To enhance reliability in protein identification, we utilized the Target Decoy PSM Validator in Proteome Discoverer, setting a stringent false discovery rate (FDR) threshold of ≤ 0.01. Proteins identified with a minimum of one unique peptide were considered credible. The experiment contained three biological replicates for each of eight samples distributed across three independent eight-plex iTRAQ experiments. iTRAQ quantitative data are presented as the individual report ion intensity-to-total report ion intensity ratio. Quantitative comparisons were calculated with central tendency normalized protein values. Statistical analysis was performed using Student’s t-test to compare biological replicates. Proteins with a p-value < 0.05 and a fold-change > 1.5 or < 0.66 were classified as differentially expressed. Principal component analysis (PCA) analysis and hierarchical clustering were performed using OmicShare tools, a free online platform for data analysis (http://www.omicshare.com/tools) with default parameters. Gene ontology (GO) enrichment analysis was performed to pinpoint specific biological functions enriched among the identified and differentially expressed proteins. The metabolic pathways involved were constructed using the Kyoto Encyclopedia of Genes and Genomes (KEGG) Automatic Annotation Server (http://www.genome.jp/tools/kaas/) with the single-directional best-hit assignment method. Annotated peptidases were analyzed using MEROPS (release 11.0; https://www.ebi.ac.uk/merops/) for gene family identification.

            Molecular function of the S. japonicum target journal

            RNA whole mount in situ hybridization (WISH) experiment was performed to elucidate target gene function. The worms were fixed with 4% paraformaldehyde dissolved in PBSTX (1X PBS and 0.3% TritonX-100). A target-specific riboprobe was designed using primers software to detect the target transcripts (S6 Table). The WISH procedure was performed as previously described and the targeting sequence location was examined microscopically using a Nikon 80i microscope (Nikon Corp., Tokyo, Japan).

            For dsRNA interference, the SjU2AF dsRNA sequence was synthesized with the MEGAscript T7 transcription kit (Thermo Fisher Scientific, Waltham, MA, USA). A non-specific dsGFP RNA sequence served as the negative control. Six freshly perfused pairs of worms were exposed to 20 μg/ml of dsRNA in 3 ml of medium in a 12-well plate (DMEM, 10% fetal bovine serum, 1% HEPES buffer, and 2% penicillin/streptomycin solution) for in vitro RNAi experiments. The worms were monitored daily for motility and viability for up to 30 days, with the culture refreshed every other day [19,20]. Each mouse was infected with 60 ± 3 cercariae and immediately injected with 10 μg (25 pmol) of dsRNA dissolved in 0.2 ml of saline buffer (0.7% NaCl) via the tail vein for in vivo RNAi experiments, followed by repeated injections every 4 days. The schistosomula were exposed to the dsRNA for 30 days, then collected as previously described [21]. The harvested worms were divided into two groups for further analysis. One group was fixed in alcohol-formalin-acetic acid (AFA) and stained with carmine red; the other group was fixed in 75% alcohol and stained with Fast Blue B. Both groups were then imaged by light microscopy (Nikon 80i) and confocal laser scanning microscopy ([CLSM] Nikon A1-Ni; Nikon Corp., Tokyo, Japan).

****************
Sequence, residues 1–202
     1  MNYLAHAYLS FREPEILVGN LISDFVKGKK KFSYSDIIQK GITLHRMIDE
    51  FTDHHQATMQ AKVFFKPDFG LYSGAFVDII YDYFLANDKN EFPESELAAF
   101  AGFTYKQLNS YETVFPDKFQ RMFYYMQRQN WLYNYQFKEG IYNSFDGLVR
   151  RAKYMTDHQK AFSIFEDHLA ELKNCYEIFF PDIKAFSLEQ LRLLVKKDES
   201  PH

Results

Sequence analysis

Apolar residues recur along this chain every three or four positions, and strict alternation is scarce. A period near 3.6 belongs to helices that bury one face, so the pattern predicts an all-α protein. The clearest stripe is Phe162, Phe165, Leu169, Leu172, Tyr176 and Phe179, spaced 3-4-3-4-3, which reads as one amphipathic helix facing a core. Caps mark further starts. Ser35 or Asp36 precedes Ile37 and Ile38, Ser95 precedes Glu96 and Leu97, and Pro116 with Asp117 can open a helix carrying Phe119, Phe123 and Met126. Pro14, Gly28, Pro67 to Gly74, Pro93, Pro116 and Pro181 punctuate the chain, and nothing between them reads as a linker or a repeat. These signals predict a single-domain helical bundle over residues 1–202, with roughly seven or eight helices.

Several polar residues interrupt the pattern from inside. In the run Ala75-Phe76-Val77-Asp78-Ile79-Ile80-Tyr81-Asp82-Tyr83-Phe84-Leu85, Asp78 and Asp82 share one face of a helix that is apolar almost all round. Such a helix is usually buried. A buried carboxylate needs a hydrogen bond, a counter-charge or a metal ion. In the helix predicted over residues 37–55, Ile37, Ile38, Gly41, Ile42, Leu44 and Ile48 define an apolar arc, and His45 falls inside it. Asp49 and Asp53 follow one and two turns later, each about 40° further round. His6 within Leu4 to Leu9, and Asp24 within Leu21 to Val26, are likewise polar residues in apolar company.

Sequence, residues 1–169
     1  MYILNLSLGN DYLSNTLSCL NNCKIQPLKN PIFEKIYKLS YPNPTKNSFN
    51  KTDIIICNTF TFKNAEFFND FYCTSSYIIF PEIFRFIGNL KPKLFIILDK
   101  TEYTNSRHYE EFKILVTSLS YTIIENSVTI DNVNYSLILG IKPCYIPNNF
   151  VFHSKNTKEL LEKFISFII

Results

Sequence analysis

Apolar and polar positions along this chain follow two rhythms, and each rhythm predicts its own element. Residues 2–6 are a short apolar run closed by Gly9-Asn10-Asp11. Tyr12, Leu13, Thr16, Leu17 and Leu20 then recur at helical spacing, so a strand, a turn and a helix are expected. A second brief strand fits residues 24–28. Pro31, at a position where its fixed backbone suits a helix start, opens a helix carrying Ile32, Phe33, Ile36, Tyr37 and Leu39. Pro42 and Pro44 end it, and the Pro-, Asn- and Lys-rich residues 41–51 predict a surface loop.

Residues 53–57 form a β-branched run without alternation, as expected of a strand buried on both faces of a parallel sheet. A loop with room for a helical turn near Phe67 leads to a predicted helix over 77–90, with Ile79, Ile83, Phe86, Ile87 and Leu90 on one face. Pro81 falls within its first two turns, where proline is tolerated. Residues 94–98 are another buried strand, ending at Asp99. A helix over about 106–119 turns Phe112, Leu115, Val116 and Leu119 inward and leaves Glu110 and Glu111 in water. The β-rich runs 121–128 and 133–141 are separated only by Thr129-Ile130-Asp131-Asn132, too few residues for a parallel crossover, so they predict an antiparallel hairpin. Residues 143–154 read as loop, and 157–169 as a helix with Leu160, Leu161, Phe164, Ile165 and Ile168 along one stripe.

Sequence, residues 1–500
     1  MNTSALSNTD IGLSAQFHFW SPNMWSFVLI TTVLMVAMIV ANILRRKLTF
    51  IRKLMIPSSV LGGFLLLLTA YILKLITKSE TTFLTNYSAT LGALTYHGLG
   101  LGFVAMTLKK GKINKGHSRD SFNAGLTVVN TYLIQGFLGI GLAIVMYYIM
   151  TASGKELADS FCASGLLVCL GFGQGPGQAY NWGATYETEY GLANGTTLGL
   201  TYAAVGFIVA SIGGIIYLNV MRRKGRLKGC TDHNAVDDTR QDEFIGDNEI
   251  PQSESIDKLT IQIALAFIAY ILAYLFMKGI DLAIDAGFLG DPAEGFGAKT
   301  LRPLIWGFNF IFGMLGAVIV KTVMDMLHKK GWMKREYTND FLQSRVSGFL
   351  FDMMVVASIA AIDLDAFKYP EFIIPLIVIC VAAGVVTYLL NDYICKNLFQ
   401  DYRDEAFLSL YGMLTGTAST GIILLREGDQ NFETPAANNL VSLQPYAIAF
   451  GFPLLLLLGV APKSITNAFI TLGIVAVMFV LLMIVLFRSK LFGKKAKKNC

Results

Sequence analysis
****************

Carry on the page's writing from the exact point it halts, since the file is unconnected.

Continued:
Male and female worms developed at different rates from pairing-to-maturation

            We identified 27538, 23116, and 22360 peptides across 3 replicates. A total of 4666 protein groups were detected in at least 1 replicate, covering 37% of the predicted S. japonicum proteome in the Sj_V 4.0 database (accession number: ASM15177v1). Notably, 81.0% (3779/4666) of these protein groups were identified in at least 2 of the 3 replicates (Fig 1A). For further comparative analysis, we specifically focused on a subset of 2927 proteins identified with 8 iTRAQ labels across all replicates (S2 Table). The consistency in values across all three replicates for each time point without any outliers underscored the robustness and high quality of the data obtained in this study. GO enrichment analysis showed that 88.0% of the identified proteins were classified into 54 distinct GO categories. The 4 most prevalent categories, which comprised 48.3%, 39.7%, 32.5%, and 30% of all identified proteins, were categorized as binding, cellular processes, metabolic processes, and catalytic activity, respectively (Fig 1B). KEGG pathway analysis further revealed that these identified proteins were involved in 311 distinct pathways, which could be grouped into 6 classes. Among these pathways, the most significantly enriched pathways during schistosome development were related to “carbohydrate metabolism,” “translation,” and “folding, sorting, and degradation” (Fig 1C). SNARE interactions in vesicular transport, the TCA cycle, and proteasome pathways were also highly enriched.

            FIGURE 1 |

            Global view of identified proteins. (A) Venn diagrams of identified proteins, including three biological replicates. (B) Gene ontology (GO) annotation of total identified proteins. The chart describes the GO distribution of GO terms on level 2. (C) KEGG analysis of identified proteins showing the top 20 enriched KEGG pathways.